These higher federal UI taxes, and higher state UI taxes enacted in many states, come at a time when private sector hiring is already at a low level and states are under significant fiscal pressure. The present method of financing the unemployment insurance system is thus exacerbating negative job growth and tax trends, instead of operating counter-cyclically as the program was intended. Indeed, states generally reduced UI taxes and expanded benefits during good economic times, and are hiking UI taxes and reducing benefits now. In the first quarter of 2008, just before the recession began, only 17 states, the District of Columbia, and Puerto Rico had sufficient UI reserves to pay one year of high-cost benefits. 20 states did not have sufficient reserves to even pay a half-year of benefits (see Figure).[6]

Consequently, this may be an appropriate time for the federal government and the states to contemplate significant changes to the structure of unemployment insurance taxation and benefits. Program design alternatives could offer more innovative and more sustainable methods to find jobs for the short-term and long-term unemployed while preserving benefits to support them in the meantime. These options include eliminating the firewall between administrative costs and benefits, reducing cross-subsidies through greater use of experience ratings, relying more on face-to-face training and advising, adopting elements of state workers' compensation programs, and experimenting with individual accounts to encourage saving. These changes can enhance the program's ultimate goal of ensuring a viable safety net for transition periods between times of employment.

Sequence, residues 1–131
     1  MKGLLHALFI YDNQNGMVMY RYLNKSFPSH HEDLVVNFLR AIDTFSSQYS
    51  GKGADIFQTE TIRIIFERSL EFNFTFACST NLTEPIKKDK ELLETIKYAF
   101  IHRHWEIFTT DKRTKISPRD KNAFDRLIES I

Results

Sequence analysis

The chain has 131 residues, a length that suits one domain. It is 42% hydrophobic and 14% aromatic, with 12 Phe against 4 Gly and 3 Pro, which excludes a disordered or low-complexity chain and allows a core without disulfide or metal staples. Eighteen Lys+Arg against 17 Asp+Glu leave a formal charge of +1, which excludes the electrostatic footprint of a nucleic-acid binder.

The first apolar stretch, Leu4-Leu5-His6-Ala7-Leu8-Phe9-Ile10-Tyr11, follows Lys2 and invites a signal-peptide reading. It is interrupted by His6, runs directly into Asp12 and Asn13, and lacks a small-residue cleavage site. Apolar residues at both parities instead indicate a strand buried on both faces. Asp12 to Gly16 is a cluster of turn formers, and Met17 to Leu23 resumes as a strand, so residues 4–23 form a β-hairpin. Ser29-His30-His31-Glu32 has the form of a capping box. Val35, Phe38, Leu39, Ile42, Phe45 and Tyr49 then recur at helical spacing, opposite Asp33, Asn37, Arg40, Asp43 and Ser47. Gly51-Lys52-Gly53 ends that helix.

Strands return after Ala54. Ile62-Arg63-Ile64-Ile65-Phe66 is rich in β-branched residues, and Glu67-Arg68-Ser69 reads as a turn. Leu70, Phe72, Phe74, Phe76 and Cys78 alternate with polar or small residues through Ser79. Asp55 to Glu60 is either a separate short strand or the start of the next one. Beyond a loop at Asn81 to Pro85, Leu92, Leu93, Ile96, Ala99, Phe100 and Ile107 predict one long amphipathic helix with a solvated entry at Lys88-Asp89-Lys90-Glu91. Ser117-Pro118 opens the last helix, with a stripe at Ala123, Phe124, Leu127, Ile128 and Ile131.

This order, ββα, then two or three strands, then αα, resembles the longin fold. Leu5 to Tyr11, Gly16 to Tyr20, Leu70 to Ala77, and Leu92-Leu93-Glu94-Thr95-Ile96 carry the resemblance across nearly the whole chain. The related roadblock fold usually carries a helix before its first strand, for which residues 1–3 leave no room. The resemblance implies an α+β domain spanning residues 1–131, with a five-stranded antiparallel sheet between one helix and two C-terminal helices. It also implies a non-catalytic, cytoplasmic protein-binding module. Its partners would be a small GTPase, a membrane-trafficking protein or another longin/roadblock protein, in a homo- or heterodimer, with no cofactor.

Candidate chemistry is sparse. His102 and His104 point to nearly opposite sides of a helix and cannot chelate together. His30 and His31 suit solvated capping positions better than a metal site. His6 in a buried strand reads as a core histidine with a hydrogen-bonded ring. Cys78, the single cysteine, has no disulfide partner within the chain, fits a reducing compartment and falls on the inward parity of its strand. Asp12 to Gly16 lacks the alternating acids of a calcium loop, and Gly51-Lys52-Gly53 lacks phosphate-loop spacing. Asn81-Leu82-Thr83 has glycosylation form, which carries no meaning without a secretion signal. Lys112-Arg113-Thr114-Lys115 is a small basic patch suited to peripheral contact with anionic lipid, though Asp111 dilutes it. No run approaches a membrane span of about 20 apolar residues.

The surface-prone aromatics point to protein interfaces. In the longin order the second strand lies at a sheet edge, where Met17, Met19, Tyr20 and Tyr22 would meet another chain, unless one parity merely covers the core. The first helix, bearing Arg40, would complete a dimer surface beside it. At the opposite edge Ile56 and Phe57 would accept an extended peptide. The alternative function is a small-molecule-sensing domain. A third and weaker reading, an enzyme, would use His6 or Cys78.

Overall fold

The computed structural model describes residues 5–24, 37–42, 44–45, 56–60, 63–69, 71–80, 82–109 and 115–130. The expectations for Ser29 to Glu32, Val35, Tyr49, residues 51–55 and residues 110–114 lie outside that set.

Our 2011 report, Unemployment Insurance Taxes: Options for Program Design and Insolvent Trust Funds, further discusses these suggestions in detail.[7]



[1] U.S. Office of Management & Budget, The President’s Budget for Fiscal Year 2013: Historical Tables (2012), http://www.whitehouse.gov/omb/budget/Historicals.

[2] See Joseph Henchman, Unemployment Insurance Taxes: Options for Program Design and Insolvent Trust Funds, Tax Foundation Background Paper No. 61 (Oct. 2011), http://www.taxfoundation.org/publications/show/27673.html.

[3] U.S. Department of Labor, Employment and Training Administration, Trust Fund Loans, http://workforcesecurity.doleta.gov/unemploy/budget.asp#tfloans. The states with outstanding federal loans are Arizona, Arkansas, California, Colorado, Connecticut, Delaware, Florida, Georgia, Illinois, Indiana, Kentucky, Missouri, Nevada, New Jersey, New York, North Carolina, Ohio, Pennsylvania, Rhode Island, South Carolina, Vermont, and Wisconsin, as well as the U.S. Virgin Islands.

[4] See Joseph Henchman, Unemployment Insurance Taxes: Options for Program Design and Insolvent Trust Funds, Tax Foundation Background Paper No. 61, at 7 (Oct. 2011), http://www.taxfoundation.org/publications/show/27673.html.

[5] U.S. Department of Labor, Employment and Training Administration, Actual and Potential FUTA Credit Reductions, http://workforcesecurity.doleta.gov/unemploy/docs/reduced_credit_states.xls.

[6] See Joseph Henchman, Unemployment Insurance Taxes: Options for Program Design and Insolvent Trust Funds, Tax Foundation Background Paper No. 61, at 16 (Oct. 2011), http://www.taxfoundation.org/publications/show/27673.html.

[7] See Joseph Henchman, Unemployment Insurance Taxes: Options for Program Design and Insolvent Trust Funds, Tax Foundation Background Paper No. 61 (Oct. 2011), http://www.taxfoundation.org/publications/show/27673.html.